Where Is Home? Hukou, Non-Local Young People and New Inequalities in Relation to Housing in Contemporary Shanghai, China

Tuesday, July 15, 2014: 9:00 AM
Room: 303
Oral Presentation
Yuqin HUANG , East China University, Shanghai, China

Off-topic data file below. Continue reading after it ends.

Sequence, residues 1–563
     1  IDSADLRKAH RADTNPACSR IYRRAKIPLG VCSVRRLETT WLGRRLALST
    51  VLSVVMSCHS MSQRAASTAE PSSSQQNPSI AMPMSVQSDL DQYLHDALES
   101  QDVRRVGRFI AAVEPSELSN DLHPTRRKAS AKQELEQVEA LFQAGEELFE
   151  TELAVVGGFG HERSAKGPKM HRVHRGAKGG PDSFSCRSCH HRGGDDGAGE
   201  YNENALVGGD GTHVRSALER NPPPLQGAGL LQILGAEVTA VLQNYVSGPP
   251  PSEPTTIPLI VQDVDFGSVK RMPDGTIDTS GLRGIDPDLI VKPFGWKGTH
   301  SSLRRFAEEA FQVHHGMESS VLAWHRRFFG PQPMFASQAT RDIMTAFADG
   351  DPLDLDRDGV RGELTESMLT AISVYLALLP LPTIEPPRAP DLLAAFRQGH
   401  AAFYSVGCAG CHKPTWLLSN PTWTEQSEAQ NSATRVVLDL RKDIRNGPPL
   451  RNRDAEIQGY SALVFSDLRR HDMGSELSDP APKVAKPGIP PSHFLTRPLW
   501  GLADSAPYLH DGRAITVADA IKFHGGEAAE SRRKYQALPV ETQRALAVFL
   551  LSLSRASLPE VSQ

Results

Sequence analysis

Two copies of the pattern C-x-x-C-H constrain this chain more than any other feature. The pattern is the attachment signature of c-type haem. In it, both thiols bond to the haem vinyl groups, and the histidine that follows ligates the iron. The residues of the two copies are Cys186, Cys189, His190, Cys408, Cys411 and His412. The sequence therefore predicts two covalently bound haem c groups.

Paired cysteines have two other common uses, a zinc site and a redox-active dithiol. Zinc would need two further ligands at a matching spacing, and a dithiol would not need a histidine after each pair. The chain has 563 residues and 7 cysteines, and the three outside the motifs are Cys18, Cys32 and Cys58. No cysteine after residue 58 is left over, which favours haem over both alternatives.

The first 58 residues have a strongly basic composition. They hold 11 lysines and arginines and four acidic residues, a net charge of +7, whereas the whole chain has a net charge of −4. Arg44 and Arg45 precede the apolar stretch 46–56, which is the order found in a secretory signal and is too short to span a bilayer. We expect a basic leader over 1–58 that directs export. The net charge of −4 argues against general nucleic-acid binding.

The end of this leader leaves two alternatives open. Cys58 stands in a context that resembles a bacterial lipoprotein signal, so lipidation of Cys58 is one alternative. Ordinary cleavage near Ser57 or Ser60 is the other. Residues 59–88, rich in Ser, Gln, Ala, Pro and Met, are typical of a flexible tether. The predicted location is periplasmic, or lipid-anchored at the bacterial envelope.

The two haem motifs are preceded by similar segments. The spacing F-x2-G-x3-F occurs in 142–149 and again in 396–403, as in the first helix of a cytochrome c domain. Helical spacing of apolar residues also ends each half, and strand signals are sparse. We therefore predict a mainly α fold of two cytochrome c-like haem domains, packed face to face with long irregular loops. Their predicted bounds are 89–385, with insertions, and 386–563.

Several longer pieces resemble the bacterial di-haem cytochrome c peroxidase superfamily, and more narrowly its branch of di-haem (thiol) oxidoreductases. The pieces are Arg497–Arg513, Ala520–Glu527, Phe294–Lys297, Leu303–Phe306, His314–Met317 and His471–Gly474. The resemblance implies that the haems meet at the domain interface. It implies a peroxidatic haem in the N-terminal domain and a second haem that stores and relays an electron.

In the past decade, housing prices have been skyrocketing and renting prices also have been on a rise in Shanghai. The measures taken by the governments to restrain rising housing price, together with their pursuit of gentrification of the city, when intersecting with such institutional hurdle as hukou (household registration) system, ironically, have produced new inequalities between local residents with a Shanghai hukou and those without. This paper aims to unpack the complexity and examine the production of new inequalities suffered by young non-locals, who, according to the 2010 census, account for almost 60 per cent of the nine millions non-local migrants in Shanghai. It employs two cases. First, it examines a phenomenon called “group renting” (qun zu) in which existing medium-end even high-end apartments are divided into small cells and let to people. The great majority of the inhabitants are young non-local migrants who cannot afford more than a cell in the gentrified city centre where job opportunities lie. The local government has taken measures to stop ‘group renting’ which leaves many young non-locals nowhere to find a home. The second case is about a recent regulation issued by Shanghai government in which non-local unmarried people are denied the right to buy a home in Shanghai. The effects of this regulation are gendered and have resulted in protests. By analyzing these two cases, this article aims to show how the right to the city of the young non-locals has been contested through the unequal citizenship regime which is institutionalized with the hukou system and further reinforced and complicated along lines of gender and class; how the state has infringed on their private life decisions particularly marriage choice (to get married or not) by regulating on their housing right, in order to refrain housing prices.